Assets under management by the most institutional of hedge fund-of-funds managers dropped 37% — a whopping $172 billion — in the nine months ended March 31.
All but two of the 25 largest managers of hedge funds of funds for institutional investors saw double-digit drops in assets under management as of March 31 or their most recent date available —compared with June 30, 2008. In fact, 16 managers experienced asset declines of more than 25%.
(Assets of two firms in last summer's top 25 institutional hedge funds-of-funds managers — BlackRock Inc. and AIG Investments — were not included in this analysis because they did not provide data or the data were not publicly available. Their assets as of June 30, 2008, totaled $34 billion.)
The reversal of fortune of some of the largest institutional hedge fund-of-funds managers has set the stage for a huge shakeout expected in the second half of 2009, sources said, as institutional investors replace managers that had any or all of the following problems:
•exposure to the Madoff Ponzi scheme and other hedge fund frauds;
•gated or otherwise restricted redemptions;
•mismatched liquidity terms of investors and those of the underlying fund managers;
•poor relative 2008 performance; and
•massive redemptions from high-net-worth investors and private wealth management platforms for structured products or other strategies.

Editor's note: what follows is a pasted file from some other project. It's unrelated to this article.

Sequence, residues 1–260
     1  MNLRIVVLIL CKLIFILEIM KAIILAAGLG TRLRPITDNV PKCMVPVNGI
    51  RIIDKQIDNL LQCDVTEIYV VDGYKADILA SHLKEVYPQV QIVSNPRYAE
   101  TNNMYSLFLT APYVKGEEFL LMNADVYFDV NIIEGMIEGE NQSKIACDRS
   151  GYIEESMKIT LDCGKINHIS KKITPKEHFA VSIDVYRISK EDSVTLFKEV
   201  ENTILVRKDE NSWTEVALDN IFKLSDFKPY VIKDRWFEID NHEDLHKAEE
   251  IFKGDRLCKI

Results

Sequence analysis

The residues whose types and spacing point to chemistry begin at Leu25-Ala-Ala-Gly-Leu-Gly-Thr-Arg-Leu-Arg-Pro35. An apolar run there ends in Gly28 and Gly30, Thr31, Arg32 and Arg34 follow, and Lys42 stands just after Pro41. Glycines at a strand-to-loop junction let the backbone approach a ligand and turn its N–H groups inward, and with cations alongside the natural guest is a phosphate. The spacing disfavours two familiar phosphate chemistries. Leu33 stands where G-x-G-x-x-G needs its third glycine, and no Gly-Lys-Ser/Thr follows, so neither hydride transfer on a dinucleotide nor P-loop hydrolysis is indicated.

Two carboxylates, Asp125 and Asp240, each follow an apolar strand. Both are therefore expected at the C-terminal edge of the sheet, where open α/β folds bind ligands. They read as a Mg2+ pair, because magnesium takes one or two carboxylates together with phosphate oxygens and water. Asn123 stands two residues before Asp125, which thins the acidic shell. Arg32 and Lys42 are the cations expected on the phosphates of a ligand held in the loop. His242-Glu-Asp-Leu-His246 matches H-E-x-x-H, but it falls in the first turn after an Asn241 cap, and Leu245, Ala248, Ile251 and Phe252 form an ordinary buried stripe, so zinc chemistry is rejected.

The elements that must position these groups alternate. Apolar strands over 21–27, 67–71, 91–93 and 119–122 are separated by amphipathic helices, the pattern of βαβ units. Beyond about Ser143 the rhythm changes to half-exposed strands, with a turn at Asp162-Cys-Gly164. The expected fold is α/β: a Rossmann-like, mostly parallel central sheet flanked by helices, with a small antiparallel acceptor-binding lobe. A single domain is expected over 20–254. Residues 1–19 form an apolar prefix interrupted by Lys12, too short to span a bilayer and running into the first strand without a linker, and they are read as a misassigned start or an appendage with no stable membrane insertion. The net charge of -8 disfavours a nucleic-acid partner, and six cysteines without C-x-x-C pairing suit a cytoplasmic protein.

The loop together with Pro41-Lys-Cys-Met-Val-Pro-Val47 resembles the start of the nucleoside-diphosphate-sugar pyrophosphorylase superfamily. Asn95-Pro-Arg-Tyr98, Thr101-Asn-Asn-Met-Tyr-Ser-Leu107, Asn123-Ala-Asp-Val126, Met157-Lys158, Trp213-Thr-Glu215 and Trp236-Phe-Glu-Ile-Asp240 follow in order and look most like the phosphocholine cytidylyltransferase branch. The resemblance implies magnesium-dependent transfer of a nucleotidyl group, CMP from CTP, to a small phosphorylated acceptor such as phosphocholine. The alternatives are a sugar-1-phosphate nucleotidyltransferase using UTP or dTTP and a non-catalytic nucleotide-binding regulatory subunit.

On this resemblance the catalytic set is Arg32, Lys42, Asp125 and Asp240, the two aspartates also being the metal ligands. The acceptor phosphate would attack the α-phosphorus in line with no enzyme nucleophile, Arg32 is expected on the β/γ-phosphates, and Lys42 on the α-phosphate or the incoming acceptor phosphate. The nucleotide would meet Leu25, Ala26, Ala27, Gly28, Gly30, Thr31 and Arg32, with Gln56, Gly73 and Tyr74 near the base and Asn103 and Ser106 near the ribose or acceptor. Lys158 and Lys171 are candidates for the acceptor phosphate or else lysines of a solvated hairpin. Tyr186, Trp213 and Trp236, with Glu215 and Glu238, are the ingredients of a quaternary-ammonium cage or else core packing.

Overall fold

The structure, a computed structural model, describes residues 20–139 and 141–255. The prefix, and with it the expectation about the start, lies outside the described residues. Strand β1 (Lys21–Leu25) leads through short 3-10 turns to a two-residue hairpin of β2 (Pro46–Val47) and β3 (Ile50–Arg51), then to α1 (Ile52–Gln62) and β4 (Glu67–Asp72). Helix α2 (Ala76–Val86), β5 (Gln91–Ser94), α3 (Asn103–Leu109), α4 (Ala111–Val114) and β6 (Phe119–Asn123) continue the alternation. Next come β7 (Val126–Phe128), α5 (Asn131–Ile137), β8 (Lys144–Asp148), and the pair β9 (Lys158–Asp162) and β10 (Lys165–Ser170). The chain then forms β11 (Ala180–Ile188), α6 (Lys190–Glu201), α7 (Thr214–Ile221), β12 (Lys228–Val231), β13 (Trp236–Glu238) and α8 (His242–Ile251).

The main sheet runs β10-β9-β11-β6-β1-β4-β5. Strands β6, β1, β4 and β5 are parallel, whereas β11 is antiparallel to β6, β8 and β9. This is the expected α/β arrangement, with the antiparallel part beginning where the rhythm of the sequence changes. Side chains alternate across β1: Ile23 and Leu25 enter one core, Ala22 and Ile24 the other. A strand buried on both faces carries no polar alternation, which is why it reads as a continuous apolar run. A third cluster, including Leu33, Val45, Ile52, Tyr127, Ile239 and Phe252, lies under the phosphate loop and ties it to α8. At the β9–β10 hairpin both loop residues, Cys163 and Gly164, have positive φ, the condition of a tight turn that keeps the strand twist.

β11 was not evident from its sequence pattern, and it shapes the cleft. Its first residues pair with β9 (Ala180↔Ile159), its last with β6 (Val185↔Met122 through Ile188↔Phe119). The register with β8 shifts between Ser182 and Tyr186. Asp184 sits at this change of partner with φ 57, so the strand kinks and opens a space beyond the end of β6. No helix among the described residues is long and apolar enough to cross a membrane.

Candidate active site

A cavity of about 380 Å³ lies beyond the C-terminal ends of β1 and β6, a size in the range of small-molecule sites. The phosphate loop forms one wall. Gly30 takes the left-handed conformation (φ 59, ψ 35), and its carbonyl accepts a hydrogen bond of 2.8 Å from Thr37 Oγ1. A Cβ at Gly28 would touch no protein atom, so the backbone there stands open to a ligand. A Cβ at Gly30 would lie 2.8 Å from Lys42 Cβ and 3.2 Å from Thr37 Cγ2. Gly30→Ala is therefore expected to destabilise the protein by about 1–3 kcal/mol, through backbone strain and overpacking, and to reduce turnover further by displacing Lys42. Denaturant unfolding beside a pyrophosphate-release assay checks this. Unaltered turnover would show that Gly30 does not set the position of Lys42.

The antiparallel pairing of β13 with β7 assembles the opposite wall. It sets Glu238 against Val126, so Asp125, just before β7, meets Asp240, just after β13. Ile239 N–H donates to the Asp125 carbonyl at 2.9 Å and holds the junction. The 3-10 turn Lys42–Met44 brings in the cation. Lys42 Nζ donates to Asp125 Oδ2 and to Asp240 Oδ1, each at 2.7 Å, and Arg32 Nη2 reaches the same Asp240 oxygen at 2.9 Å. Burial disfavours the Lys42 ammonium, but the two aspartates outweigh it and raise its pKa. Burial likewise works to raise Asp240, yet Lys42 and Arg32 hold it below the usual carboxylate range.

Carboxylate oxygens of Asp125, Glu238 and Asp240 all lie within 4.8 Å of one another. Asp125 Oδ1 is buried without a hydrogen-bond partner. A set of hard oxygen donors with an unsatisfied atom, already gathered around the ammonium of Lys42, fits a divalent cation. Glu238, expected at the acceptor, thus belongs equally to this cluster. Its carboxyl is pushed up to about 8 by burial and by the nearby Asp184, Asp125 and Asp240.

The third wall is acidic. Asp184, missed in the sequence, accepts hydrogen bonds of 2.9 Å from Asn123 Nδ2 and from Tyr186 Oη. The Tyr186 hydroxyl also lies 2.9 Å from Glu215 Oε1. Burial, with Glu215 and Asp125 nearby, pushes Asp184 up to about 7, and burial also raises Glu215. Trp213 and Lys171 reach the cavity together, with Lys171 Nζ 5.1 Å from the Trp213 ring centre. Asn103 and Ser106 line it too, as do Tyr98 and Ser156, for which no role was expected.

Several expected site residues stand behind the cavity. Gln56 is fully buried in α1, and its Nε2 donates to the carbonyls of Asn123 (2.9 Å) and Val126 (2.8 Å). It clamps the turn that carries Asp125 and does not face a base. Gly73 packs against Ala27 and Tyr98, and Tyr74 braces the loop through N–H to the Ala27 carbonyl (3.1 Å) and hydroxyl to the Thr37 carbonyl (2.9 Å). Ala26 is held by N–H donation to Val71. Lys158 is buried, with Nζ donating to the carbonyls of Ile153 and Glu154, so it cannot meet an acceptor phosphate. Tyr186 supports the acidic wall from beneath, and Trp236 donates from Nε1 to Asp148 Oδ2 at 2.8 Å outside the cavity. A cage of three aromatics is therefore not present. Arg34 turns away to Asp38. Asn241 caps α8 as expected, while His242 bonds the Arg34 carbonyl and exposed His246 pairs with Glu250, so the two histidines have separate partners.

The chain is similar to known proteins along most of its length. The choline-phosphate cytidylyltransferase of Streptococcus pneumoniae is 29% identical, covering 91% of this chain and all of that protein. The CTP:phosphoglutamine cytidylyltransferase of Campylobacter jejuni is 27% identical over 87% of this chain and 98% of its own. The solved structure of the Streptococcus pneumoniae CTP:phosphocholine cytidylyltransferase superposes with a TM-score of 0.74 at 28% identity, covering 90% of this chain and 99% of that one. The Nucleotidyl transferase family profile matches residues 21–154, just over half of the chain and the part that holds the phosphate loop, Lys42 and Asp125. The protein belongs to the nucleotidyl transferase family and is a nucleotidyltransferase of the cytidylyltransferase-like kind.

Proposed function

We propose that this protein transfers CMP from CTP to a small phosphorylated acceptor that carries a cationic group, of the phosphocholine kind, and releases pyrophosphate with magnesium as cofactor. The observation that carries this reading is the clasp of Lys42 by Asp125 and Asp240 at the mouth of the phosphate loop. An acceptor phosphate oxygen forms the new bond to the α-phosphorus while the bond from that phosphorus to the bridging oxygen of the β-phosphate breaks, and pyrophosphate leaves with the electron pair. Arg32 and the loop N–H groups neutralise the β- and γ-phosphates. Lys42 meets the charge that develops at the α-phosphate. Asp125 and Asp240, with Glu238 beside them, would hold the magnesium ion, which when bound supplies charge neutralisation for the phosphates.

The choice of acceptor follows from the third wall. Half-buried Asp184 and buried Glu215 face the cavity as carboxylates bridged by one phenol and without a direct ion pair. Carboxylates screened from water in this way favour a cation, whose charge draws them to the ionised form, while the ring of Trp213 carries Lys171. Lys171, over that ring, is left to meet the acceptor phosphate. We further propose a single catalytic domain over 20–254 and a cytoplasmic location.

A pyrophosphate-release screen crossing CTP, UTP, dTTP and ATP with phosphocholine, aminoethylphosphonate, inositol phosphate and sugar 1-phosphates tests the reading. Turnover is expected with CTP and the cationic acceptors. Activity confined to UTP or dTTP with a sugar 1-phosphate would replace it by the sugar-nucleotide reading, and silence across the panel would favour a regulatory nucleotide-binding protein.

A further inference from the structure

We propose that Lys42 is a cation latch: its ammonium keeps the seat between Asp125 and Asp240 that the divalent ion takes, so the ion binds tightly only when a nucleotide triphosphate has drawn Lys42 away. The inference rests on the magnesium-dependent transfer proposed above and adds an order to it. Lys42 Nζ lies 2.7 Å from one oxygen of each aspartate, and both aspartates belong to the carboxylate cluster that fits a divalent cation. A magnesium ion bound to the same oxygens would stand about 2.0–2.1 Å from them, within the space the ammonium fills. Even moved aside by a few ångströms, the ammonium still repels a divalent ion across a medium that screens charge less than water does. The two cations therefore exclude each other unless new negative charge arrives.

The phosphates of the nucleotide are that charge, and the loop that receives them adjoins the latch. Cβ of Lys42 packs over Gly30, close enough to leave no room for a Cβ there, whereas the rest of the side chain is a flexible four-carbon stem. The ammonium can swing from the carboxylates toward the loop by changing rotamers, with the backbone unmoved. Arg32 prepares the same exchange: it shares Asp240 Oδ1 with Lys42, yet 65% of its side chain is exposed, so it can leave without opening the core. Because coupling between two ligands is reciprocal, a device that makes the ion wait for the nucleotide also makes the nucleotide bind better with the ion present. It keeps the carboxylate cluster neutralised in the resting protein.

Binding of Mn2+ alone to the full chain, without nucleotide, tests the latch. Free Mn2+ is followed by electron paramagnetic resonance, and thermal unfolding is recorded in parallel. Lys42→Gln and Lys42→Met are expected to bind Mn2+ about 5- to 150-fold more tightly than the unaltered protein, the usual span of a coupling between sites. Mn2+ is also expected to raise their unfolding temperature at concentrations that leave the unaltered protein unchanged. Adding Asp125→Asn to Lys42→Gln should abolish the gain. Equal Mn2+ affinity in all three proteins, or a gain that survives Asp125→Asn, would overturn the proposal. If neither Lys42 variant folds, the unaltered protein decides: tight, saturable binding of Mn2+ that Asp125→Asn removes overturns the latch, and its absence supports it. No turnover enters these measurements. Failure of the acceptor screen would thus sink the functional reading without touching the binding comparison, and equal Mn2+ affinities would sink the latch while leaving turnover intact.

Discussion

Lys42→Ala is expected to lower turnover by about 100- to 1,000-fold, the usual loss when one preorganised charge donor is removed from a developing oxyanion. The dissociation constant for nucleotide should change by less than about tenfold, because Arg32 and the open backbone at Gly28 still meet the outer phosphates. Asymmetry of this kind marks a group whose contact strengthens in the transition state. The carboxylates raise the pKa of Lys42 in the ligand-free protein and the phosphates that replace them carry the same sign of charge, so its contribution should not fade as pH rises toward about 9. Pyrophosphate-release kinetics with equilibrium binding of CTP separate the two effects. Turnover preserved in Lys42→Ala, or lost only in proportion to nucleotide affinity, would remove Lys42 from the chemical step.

“I am surprised at how few firms are in the 'safe' camp,” said Daniel Celeghin, director at vendor consultant Casey Quirk & Associates LLC, Darien, Conn.
“If you take broad hedge fund performance as the separator ... you are in good shape if assets under management are down by at most 25%. ... By focusing on the firms with "good' numbers (a drop of less than 25%), you see a list dominated by institutional guys who never went for structured products or high-net-worth investors in general in a big way.”
Three of the firms on Pensions & Investments' list of the 25 largest institutional managers — Union Bancaire Privee, Man Investments and EIM Group — had exposure to Bernard Madoff's Ponzi scheme, either directly or through feeder funds managed by Bernard L. Madoff Investment Securities LLC.
Sources agreed that a firm's Madoff exposure probably will become the most important factor for institutional investors.
“If you had Madoff, you're out as a hedge fund-of-funds manager, no matter how small your investment. The career risk for an institutional CIO is just much too high to allow you to retain such a manager,” said Mr. Celeghin.